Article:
Toto and Poko, a toucan couple at the Maruyama zoo in the northern Japanese city of Sapporo, have been sharing a home since 2013. After reaching sexual maturity in 2016, the birds were expected to reproduce. Every year, zookeepers would discover two or three eggs in their cage, but none have hatched.
To encourage reproduction, the puzzled zookeepers played the part of the mood maker. They built them bigger nests and changed their diets, but still no chicks. In fact, the zoo staff never once saw the birds mount each other, although they assumed they could have done it while no one was watching.
It wasn’t until 2020 that the zookeepers decided to run a DNA test on the toucans. Earlier this month, the zoo announced that Toto, the bigger toucan and what was assumed to be the male, was a female like Poko.
“When we first bought them in 2013, we were told it was one male and one female,” Hideaki Yamamoto, the exhibition breeding manager of the zoo, told VICE World News.
“It’s difficult to determine their sex from their physical characteristics, so we didn’t know,” he said.
To confuse matters further, the toucans exhibited courtship behavior, which is usually seen between mating partners.
“Toto would give Poko food. And if Poko flew out of the nest, Toto would follow to be closer to her,” Yamamoto said. “We now know that same-sex birds can exhibit those acts too.”
Same-sex courtship behavior, which can include dances, gift-giving, or showing specific body parts, has been documented in over 130 bird species. It’s raised questions among scientists about the purpose of these acts: If it doesn’t help produce offspring, why bother with all the song and dance?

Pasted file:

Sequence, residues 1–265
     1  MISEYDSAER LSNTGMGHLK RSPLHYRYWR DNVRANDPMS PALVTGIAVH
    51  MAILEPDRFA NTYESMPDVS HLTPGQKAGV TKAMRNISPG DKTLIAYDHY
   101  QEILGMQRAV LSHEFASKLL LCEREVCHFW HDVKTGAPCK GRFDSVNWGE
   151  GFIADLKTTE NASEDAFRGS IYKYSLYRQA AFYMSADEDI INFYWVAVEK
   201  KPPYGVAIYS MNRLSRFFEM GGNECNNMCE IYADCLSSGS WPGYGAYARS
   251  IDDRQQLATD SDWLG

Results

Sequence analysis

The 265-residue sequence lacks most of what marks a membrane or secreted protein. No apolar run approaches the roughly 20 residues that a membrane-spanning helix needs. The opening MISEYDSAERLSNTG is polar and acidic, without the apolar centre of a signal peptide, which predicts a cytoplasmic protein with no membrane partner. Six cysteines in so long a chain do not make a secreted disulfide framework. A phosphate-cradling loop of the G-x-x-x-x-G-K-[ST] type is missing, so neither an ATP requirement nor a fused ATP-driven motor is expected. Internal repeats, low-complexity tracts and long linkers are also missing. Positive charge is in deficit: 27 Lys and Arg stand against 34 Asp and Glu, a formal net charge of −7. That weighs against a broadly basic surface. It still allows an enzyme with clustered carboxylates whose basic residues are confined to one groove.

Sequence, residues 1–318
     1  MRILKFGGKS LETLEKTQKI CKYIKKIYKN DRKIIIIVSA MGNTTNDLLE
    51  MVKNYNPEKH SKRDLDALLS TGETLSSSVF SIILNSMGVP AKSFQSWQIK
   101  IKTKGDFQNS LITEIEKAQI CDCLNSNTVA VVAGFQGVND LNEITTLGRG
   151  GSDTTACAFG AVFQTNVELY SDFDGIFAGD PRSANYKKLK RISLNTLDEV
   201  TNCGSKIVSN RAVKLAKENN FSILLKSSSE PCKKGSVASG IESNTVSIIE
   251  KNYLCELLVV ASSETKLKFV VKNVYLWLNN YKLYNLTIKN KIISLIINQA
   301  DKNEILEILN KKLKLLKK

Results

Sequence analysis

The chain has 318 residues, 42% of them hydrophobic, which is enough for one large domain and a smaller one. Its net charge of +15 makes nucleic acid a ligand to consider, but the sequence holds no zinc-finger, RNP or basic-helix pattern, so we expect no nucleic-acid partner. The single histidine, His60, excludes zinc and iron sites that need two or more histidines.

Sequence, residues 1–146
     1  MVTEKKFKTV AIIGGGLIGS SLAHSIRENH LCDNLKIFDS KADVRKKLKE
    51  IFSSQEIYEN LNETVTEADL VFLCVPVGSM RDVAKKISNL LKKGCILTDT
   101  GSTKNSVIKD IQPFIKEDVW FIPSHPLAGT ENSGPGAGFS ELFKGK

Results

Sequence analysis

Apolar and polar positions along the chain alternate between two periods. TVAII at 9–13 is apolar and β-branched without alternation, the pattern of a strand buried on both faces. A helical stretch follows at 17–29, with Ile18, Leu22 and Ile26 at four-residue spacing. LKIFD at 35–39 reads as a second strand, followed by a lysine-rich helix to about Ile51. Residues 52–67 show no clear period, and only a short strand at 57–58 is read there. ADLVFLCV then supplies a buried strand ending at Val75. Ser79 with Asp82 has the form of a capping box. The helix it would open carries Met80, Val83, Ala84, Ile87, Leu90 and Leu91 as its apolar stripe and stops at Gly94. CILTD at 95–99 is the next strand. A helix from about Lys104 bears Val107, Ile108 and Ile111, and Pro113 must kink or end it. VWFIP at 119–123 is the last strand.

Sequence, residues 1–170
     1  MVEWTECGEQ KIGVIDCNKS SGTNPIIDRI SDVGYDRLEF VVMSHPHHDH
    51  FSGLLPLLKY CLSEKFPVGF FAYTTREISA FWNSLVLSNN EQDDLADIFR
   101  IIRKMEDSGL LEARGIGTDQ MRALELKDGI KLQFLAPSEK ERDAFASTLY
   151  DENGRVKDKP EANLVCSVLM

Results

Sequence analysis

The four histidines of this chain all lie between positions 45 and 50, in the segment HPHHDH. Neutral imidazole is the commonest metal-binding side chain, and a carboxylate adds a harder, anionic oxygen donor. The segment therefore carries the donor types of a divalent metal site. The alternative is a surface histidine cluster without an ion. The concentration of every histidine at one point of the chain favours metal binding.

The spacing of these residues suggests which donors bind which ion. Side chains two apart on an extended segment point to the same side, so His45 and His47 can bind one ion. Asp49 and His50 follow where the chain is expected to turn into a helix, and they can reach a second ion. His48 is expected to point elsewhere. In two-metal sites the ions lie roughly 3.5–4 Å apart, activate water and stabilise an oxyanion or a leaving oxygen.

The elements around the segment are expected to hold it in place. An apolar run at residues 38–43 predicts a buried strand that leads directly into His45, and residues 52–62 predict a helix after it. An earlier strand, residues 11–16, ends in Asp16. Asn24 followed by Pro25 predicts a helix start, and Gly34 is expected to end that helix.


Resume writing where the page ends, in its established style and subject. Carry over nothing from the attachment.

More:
But research by scholars such as Geoff MacFarlane, a biologist at Australia’s University of Newcastle, shows that birds may engage in homosexual behavior, or even gay sex, simply because they can.
In a study of over 93 bird species, MacFarlane noticed that whichever sex had less parental responsibilities, they’d typically engage in more homosexual behavior. More time on their hands meant more freedom to be sexually explorative, which, in MacFarlane’s study, males in polygynous species indulged in.
Birds aren’t the only animals to engage in homosexual sex.
Female homosexual behavior among Japanese macaques, a genus of Old World monkeys, has been well-documented. Some scientists have even identified male macaques competing with females for female sexual partners.
At the Maruyama zoo, Yamamoto hopes to increase the number of toucans and is considering adding a male to the mix. When that day comes, the zoo will find out if Toto and Poko are as inseparable as they seem.